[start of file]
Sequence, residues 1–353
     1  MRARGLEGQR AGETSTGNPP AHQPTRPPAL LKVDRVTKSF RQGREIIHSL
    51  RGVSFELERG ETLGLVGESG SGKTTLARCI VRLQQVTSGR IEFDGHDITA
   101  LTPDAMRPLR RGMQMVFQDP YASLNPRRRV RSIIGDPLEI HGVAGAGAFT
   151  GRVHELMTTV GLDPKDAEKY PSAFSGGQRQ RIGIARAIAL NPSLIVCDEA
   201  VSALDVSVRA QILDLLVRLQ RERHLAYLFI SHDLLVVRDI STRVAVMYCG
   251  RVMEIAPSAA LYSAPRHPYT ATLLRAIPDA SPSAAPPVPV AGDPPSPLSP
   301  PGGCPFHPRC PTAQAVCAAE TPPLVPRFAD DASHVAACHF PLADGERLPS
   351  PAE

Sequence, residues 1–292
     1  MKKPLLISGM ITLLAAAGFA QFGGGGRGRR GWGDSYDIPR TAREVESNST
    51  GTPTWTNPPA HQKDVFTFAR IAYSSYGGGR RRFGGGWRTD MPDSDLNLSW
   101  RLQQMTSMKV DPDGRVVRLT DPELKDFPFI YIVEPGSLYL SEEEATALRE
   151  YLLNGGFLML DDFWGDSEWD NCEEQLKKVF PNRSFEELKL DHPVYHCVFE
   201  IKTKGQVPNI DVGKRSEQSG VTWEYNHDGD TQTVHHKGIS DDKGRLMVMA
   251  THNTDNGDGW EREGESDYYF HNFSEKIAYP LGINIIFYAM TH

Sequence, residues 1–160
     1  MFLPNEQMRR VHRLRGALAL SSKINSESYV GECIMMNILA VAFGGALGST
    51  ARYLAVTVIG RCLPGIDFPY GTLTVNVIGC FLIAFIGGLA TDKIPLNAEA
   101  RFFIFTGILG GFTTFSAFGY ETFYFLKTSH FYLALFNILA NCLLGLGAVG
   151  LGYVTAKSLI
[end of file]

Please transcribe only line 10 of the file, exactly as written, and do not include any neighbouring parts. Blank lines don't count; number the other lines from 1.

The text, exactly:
Sequence, residues 1–292